Posts tagged with "african american"

The Medical Mistreatment of Black People

Vertus Wellborn Hardiman was the victim of an unethical secret U.S government radiation experiment in 1928. Hardiman was born on March 9, 1922 in Lyles Station, Ind., known as one of the earliest Negro settlements in the United States. When Hardiman was five years old, he was one of nine children that took part in a terrifying medical experiment, where he and other children were severely irradiated during a medical experiment conducted at the local county hospital. To get parental consent the experiment was misrepresented as a new therapy for the scalp fungus known as ringworm.

The radiation of the skull led to immediate symptoms but also to a severe progressive necrosis of the bone all through his life. At the time, many human radiation experiments were conducted on African Americans and were funded by the United States Department of Defense and United States Atomic Energy Commission. Experiments included feeding radioactive food to disabled children, inserting radium rods into school children and injecting pregnant women and babies with radioactive chemicals. The studies were classified until 1986, when they were released in the report entitled “America Nuclear Guinea Pigs: Three Decades of Radiation Experiments.” The treatment on Hardiman’s skull left him with progressive necrosis of the scalp throughout the rest of his life. These types of experiments led to distrust of the medical community among African Americans that lingers on today.

Editor’s note: contributed by Charmaine Simpson, Black History Studies

Read the expanded report below from STAT, a publication reporting from the frontiers of health and medicine.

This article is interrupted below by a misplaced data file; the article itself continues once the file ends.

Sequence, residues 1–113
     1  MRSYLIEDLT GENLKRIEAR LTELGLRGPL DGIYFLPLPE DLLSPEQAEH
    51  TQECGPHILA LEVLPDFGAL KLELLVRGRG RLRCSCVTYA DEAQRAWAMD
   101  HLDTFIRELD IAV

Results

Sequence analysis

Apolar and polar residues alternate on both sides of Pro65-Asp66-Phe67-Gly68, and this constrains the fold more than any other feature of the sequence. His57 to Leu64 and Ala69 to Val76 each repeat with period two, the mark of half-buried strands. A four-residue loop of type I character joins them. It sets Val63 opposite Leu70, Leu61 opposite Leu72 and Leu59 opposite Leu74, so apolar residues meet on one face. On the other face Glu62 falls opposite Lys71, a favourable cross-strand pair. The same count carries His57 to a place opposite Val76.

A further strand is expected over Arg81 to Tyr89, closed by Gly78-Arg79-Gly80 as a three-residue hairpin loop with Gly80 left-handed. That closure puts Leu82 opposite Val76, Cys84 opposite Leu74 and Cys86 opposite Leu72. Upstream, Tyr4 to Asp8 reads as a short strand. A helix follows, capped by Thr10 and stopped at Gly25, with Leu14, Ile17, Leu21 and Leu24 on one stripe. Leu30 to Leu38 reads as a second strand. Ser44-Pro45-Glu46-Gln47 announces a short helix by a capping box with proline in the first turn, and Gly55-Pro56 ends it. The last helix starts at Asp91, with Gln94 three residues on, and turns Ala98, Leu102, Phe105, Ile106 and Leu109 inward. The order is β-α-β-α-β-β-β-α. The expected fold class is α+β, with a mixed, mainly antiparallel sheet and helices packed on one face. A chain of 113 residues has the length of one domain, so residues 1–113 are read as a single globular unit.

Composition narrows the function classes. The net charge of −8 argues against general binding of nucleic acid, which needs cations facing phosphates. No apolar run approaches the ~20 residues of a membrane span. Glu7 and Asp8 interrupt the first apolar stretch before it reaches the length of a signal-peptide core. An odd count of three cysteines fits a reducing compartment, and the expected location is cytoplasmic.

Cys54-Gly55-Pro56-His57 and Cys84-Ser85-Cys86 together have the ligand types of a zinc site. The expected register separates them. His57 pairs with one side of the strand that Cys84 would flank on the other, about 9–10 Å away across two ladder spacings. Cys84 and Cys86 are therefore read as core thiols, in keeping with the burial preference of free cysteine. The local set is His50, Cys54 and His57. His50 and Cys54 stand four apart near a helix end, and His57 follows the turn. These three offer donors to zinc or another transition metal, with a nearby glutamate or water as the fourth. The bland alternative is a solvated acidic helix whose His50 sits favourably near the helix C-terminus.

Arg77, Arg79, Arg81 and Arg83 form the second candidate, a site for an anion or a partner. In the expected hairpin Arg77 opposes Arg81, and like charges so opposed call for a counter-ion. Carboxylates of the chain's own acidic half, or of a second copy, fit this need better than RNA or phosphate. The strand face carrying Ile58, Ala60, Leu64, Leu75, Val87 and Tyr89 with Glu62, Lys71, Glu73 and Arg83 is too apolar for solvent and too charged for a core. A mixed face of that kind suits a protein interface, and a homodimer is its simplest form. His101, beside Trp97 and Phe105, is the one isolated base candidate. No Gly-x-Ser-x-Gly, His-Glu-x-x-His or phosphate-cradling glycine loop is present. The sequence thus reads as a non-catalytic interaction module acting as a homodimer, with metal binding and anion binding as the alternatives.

Listen: Vertus Hardiman and the medical tragedies that must not be forgotten

“In this final episode of Color Code, we speak with Smith about his dear friend Vertus and the documentary they made more than a decade ago, “Hole in the Head: A Life Revealed.” We also hear from Linda Villarosa, a contributor to The New York Times Magazine and author of “Under the Skin: The Hidden Toll of Racism on American Lives and on the Health of Our Nation.” She tells us about the story of the Relf sisters, who were sterilized without their consent in 1973, and shares her thoughts on the medical mistreatment of Black people like Vertus Hardiman.”

An African American Guide Back To The Motherland

As the world turns, communities from across our oceans are longing to connect with each other. This is especially true for many African Americans taking the leap to journey back to Africa. The back to Africa movement is not new. After emancipation Abraham Lincoln sought to relocate newly freed Black people back to Africa. Although the move was largely rejected by many Black leaders of that time, the honorable Marcus Mosiah Garvey was instrumental in the push to make this a reality for Black people in the western hemisphere.

Marcus Garvey and his organization, the Universal Negro Improvement Association (UNIA), represent the largest mass movement in African-American history. Proclaiming a black nationalist “Back to Africa” message, Garvey and the UNIA established 700 branches in thirty-eight states by the early 1920s.”

Today, the best way to make this dream for some a reality is with sincere preparation. And thanks to Professor Joseph Mbele of Olaf College in Minnesota, who has amassed decades worth of knowledge on the subject, including being an expert on culture and folklore, created a study guide to help those journeying back to the Motherland.

The link to the course:

ePa had an opportunity to interview Professor Mbele on his new course study focused on preparing African Americans for their journey back to Africa.

Part I

Part II

Part III